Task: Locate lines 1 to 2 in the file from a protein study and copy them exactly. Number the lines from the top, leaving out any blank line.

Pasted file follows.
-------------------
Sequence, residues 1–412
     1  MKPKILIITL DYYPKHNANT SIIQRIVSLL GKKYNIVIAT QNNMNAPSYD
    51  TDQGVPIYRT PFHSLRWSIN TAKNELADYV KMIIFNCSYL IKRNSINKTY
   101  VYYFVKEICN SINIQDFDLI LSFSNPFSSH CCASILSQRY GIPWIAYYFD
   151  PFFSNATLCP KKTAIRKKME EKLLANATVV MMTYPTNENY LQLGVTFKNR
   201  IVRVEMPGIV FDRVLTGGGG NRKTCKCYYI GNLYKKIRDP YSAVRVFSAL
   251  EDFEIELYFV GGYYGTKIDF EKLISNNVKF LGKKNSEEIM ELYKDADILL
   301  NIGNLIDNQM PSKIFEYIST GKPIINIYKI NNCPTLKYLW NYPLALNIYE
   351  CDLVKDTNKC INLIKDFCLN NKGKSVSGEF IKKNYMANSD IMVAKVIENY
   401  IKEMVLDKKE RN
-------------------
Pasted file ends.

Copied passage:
Sequence, residues 1–412
     1  MKPKILIITL DYYPKHNANT SIIQRIVSLL GKKYNIVIAT QNNMNAPSYD